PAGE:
As new augmented reality software has made production more accessible, there has been a surge of mobile AR projects produced by artists interested in place and situation. A subset use the virtual to make critical statements about social, cultural and political phenomena embedded in physical locations. As new forms of public art, the works engage aspects of a participant’s experience of place generally negated by mobile devices. Exploring the physical setting, the built and natural environment, as well as the events and functions centered there, is often a main goal. Participants are not only asked to attend to the spatial and the corporal, they are invited to consider and enter critical discourse on the history and future of unique spaces ‑ how they are used and might be used. The virtual forms point back to the material. Telesthesia, to perceive things at a distance without use of known bodily sense organs, is a favorite theme for scholar McKenzie Wark. In a post‑capitalist age we have entered the era of the vector. Our commodity economy has moved beyond manufacturing and centers on controlling information flow experienced telestheticly by the consumer (1). Re‑engaging the body, place‑based somatic AR may release users, however temporarily, from immaterial vectors that push consumer culture. Using the same devices that normally distract us from our environment, these projects help us establish dialogue with sites and lives, human and non‑human, that are often rendered invisible by vectors of work and leisure. Artists researched include Teri Rueb, John Craig Freeman, Sarah Drury, and Mark Skwarek.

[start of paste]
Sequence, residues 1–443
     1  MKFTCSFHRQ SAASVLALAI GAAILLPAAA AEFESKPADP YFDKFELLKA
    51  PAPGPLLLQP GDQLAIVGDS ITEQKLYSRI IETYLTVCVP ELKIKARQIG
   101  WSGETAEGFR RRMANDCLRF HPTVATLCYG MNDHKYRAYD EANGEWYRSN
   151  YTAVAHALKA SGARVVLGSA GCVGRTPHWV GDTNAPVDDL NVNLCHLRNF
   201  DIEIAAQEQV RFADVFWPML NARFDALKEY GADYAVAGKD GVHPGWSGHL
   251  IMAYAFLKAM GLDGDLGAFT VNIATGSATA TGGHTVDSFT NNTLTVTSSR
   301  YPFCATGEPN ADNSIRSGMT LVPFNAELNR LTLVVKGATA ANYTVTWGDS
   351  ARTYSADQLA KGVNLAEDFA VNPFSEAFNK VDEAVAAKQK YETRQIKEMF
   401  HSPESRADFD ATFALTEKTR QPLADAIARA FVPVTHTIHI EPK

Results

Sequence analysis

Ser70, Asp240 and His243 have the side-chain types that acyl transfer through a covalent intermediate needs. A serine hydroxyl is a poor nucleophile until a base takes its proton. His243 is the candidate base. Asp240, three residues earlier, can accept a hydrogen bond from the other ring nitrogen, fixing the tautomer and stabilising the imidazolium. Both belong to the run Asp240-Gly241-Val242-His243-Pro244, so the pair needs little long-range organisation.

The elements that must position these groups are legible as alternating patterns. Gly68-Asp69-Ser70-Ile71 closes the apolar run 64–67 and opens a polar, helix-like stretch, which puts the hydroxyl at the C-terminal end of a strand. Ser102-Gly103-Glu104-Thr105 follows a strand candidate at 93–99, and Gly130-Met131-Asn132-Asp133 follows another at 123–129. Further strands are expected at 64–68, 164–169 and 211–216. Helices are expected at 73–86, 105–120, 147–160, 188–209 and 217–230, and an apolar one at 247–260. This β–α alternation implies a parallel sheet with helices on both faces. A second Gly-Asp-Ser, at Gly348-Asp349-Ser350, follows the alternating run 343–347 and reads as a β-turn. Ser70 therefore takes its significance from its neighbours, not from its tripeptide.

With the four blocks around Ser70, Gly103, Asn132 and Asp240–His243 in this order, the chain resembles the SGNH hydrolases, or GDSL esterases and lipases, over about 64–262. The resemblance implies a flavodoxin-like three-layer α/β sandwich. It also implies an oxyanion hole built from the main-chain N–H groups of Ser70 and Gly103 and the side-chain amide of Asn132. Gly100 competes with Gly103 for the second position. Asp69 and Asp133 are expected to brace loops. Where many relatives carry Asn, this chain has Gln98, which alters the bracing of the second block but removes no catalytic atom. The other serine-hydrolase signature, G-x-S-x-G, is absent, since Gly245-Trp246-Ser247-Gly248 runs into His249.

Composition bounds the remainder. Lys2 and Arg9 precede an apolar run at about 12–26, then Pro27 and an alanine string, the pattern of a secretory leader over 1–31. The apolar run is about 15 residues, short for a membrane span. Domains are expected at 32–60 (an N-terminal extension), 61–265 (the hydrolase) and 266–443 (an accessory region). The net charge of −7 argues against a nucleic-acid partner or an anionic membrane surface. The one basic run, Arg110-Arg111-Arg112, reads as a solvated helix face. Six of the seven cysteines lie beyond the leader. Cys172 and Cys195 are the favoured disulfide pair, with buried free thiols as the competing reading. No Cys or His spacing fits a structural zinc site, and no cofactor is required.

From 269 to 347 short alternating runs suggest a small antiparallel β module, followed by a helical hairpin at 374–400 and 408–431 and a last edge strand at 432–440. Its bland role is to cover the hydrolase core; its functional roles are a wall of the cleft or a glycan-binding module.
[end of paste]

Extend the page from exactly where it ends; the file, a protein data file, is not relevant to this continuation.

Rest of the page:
(1) McKenzie Wark, Telesthesia: Communication, Culture and Class (New School for Social Research, New York), 102.
- Meredith Drum, Arizona State University, US